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MIA Birau

PHD Graduate - 2016

Thesis title

Today's Special: No Waste! Food Waste , a Consumer Behavior Approach

Supervisor(s)

Corinne Faure

Areas of expertise

  • Consumer Behavior
  • Food consumption 
  • Social Marketing
  • Green Marketing

Mia obtained her PhD in marketing. She holds a Master’s Degree in Econometrics and an MBA in Paris. Mia joined the PhD program at GEM after completing the courses of the Research Master at Tilburg University in the Netherlands. While a student at GEM, Mia has been involved in several projects on food consumption and food waste. She has also obtained a PhD from Université Savoie Mont-Blanc, Laboratoire IREGE. She is now assistant professor at ESDES, Catholic University of Lyon.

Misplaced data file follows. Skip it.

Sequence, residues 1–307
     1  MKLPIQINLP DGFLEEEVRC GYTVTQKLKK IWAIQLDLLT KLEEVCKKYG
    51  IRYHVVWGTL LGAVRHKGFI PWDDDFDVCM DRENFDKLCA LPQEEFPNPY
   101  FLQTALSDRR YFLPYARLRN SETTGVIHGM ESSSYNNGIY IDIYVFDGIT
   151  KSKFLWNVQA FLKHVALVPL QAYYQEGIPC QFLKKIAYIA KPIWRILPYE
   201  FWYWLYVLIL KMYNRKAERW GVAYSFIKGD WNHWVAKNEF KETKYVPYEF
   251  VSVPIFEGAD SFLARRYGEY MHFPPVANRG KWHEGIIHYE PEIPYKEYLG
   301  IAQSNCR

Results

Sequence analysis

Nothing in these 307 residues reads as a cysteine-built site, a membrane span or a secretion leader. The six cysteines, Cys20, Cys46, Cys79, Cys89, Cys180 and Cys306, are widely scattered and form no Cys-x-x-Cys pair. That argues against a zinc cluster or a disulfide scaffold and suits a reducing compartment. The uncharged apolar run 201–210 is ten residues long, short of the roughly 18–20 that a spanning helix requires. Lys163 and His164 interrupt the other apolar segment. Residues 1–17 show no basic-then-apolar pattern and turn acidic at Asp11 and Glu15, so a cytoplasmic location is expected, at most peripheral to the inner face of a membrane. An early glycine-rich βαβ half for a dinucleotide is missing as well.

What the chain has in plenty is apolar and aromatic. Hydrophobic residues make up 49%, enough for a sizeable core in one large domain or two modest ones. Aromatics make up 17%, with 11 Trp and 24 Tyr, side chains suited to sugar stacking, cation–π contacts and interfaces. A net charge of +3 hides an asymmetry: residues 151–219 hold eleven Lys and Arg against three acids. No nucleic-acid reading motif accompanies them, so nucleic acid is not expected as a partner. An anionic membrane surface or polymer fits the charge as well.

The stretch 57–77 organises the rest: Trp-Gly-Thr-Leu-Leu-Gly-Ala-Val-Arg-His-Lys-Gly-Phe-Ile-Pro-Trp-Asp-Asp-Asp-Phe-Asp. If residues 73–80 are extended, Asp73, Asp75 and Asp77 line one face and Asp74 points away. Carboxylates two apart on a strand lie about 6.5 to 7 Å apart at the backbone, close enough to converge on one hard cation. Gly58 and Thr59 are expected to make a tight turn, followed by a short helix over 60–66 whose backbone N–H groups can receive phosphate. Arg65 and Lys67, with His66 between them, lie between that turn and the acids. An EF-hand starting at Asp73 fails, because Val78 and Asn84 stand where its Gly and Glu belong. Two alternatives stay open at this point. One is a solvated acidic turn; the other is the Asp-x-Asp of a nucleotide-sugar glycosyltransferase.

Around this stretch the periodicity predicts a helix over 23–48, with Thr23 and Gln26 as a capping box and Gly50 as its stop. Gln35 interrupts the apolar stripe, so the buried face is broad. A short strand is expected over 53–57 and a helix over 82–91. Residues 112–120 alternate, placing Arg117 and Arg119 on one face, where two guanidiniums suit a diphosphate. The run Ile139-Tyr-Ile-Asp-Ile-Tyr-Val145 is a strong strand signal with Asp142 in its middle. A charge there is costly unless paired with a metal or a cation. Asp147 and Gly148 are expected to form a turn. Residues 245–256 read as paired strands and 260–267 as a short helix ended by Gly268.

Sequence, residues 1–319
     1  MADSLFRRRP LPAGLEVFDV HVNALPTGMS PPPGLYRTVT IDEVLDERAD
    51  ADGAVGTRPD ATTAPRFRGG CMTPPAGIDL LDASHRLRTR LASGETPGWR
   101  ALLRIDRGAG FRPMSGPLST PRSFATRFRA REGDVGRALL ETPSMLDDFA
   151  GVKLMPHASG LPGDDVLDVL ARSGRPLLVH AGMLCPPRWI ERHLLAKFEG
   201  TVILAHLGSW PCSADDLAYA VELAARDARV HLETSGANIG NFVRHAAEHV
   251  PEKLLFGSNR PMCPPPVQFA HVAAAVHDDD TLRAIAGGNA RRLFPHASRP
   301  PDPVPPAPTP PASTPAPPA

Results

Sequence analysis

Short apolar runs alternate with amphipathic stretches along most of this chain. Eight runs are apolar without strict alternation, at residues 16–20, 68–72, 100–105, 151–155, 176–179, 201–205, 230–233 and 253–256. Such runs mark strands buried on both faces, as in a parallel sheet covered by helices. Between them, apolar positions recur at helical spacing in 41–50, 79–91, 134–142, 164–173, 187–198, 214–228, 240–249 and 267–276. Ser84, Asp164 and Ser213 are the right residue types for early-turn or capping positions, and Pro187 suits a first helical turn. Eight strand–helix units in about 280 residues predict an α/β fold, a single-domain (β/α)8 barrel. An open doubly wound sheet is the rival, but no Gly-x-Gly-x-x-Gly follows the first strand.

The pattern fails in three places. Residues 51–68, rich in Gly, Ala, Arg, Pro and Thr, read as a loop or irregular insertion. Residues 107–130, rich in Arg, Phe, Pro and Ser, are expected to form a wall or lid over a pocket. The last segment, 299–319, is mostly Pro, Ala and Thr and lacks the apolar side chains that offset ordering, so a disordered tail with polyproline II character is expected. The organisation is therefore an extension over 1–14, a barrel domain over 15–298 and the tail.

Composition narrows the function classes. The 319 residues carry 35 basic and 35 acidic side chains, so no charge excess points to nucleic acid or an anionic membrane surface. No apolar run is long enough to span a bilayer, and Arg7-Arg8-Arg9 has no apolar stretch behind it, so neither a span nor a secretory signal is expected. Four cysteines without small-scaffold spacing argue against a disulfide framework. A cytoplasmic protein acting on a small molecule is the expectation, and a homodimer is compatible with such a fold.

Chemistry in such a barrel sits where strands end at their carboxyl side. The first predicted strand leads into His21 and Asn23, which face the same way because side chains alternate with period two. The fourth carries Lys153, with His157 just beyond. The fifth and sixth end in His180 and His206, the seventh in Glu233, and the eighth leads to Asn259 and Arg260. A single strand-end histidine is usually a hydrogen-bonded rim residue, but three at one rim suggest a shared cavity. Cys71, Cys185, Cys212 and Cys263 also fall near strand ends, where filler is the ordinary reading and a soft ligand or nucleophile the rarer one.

Purpose The purpose of this thesis is to underline the importance of food waste at consumer level, to present evidence of improving two different possible food waste campaigns and to encourage future research on this so far little researched topic in consumer behavior: food waste. Design/methodology/approach The thesis starts with a conceptual chapter that lists different behavioral theories that could be applied in food waste research and continues with several experimental studies. The approach is problem-oriented, starting with the germane issue of food waste and continuing with solutions that could be implemented in increasing efficacy of food waste campaigns. Findings We provide documented evidence regarding the importance of food waste at consumer level and the behavioral theories that could be implemented to shed more light on the topic. When implementing food waste communication campaigns it is important to take into account several factors. In this thesis we show evidence that self-efficacy plays an important role in the perception of food waste communication messages and further on waste behaviors. Further, we show that campaigns encouraging the selling of misshaped produce can have a positive impact on consumers’ perceptions of the produce and further on the attitudes towards food waste. Research limitations/implications This thesis is just an initial starting point in consumer behavior research applied on food waste. One important limitation of the experimental studies presented here is that we do not actually measure food waste. Moreover, the thesis covers only two campaigns used in practice against food waste. Future research should focus more on actual food waste and also should look into different measures of reducing food waste. Practical implications The topic developed in the thesis is of high importance for researchers as well as for policy makers and retailers. Researchers can find several paths on which to develop behavioral research to fight against food waste, policy makers can use the findings in implementing more efficient food waste campaigns and retailers, besides fighting against food waste could also improve their image by adopting food waste campaigns. Social implications (if applicable) The main focus of this research is to increase consumers’ welfare by reducing their environmental footprint and by reducing their inefficient use of resources. By reducing food waste, not only consumers will reduce their inefficient spill of monetary resources, but they will also add to the effort of reducing the negative impact of food waste on the environment. Originality/value So far, little focus has been given to food waste in consumer behavior research. Psychological theories can have an important impact in understanding waste behaviors and in implementing solutions to this important problem.Keywords Food waste, self-efficacy, misshaped produce, social marketing